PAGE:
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View Poll Results: Which is better for low light?
Zeiss Terra Rifle Scope 3-9x 42mm Plex Reticle Matte ($399) 25 36.76%
Nikon MONARCH 3 Rifle Scope 2.5-10x 42mm ($399) 13 19.12%
Leupold VX-3 Rifle Scope 3.5-10x 40mm Duplex Reticle Matte ($479) 30 44.12%
Voters: 68. You may not vote on this poll

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Old October 28, 2013, 05:32 PM   #26
Been there
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''The sun is already down past the tree-line 130 yards in front of me, but not set, so there is no glare and I'm definitely not staring at the sun . I'm going to take the VX2 out there tonight and see if there is a difference from the Nikon.''
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Knowing the nature of your exact problem helps & the best advise I can give you ( given that i have had the same problem in some of the areas I hunt) is that Zeiss optics realy help.
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Old October 28, 2013, 06:09 PM   #27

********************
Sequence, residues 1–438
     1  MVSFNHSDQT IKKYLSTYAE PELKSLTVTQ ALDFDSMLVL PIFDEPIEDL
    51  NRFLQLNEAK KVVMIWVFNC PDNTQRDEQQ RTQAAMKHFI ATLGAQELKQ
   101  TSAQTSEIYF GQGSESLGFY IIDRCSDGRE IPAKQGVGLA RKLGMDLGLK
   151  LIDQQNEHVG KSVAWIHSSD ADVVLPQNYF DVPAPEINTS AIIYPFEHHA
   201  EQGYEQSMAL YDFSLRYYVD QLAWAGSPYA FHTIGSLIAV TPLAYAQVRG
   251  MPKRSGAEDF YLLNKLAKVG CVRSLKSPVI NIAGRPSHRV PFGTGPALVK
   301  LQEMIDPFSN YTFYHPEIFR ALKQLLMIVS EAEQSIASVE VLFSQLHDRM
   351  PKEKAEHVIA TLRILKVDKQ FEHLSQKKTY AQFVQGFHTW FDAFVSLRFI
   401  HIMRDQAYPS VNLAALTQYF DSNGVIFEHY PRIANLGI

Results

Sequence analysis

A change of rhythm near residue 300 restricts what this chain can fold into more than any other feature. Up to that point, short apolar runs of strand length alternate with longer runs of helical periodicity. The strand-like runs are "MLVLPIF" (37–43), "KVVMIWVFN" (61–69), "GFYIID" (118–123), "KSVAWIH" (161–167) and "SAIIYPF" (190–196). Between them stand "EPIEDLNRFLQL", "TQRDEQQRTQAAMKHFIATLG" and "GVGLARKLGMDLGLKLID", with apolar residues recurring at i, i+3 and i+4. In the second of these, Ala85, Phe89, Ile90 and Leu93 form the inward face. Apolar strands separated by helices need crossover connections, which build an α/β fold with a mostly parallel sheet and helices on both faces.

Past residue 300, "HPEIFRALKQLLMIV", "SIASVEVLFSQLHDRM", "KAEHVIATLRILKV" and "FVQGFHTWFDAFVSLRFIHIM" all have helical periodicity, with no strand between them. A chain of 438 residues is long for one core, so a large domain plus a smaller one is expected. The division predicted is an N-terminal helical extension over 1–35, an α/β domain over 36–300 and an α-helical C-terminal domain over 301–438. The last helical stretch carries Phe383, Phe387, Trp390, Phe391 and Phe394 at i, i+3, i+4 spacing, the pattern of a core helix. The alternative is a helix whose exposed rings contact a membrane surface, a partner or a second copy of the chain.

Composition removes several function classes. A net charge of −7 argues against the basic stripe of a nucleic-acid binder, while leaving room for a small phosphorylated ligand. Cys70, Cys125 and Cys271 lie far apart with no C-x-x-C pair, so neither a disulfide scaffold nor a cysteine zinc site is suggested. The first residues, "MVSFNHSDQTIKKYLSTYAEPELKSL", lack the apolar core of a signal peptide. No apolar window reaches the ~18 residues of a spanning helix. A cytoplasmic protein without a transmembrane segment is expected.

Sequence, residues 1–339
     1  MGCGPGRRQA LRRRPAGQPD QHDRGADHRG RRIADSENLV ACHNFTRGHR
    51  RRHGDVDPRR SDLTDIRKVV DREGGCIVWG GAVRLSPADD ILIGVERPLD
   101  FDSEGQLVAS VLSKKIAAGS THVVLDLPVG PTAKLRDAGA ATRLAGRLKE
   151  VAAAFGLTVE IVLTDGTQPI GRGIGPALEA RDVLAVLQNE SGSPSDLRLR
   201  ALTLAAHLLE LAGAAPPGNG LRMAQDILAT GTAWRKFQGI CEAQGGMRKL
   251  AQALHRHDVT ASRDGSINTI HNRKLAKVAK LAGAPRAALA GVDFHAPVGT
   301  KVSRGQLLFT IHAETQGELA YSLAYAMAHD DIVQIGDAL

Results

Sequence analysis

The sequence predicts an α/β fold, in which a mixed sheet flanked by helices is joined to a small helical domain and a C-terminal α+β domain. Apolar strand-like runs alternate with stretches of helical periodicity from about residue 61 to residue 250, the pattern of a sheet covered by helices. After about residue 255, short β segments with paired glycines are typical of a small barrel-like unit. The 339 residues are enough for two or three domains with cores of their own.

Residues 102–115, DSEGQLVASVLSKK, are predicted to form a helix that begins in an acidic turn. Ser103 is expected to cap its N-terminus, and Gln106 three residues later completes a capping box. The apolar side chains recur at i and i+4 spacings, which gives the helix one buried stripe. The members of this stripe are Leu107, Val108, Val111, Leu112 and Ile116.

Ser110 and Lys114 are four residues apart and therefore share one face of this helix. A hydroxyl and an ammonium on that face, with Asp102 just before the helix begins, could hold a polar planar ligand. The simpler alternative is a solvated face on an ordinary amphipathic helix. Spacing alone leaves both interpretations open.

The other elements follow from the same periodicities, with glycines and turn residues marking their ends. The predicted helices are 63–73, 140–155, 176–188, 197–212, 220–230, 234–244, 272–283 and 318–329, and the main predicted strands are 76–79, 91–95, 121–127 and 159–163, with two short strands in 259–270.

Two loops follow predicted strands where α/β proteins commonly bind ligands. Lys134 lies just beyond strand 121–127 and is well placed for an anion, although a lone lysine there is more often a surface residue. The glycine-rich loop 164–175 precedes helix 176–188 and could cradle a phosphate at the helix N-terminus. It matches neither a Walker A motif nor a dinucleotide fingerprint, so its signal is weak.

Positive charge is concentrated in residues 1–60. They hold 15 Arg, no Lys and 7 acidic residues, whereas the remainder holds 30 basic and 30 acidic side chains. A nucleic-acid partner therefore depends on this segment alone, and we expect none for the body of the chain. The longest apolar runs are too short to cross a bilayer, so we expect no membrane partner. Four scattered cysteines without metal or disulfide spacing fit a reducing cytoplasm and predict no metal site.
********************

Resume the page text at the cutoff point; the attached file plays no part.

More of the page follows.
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of those I would recommend nikon though I would recommend vortex over all of the above.
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Old October 28, 2013, 08:50 PM   #28
.300 Weatherby Mag
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I have a Nikon Monarch 3 4-16x42 and I'd say it's equal or better than the VXIII for a few bucks less. Way better than my VXII. I've never had a Zeiss.

Boomer
The Monarch is an inferior scope to the VX-3 (the current generation).. The Zeiss gives you a few more minutes of light but thats about it.. I have the Leupold and the Zeiss Conquest.. I haven't seen a Zeiss Terra in a shop yet..

Quote:
of those I would recommend nikon though I would recommend vortex over all of the above.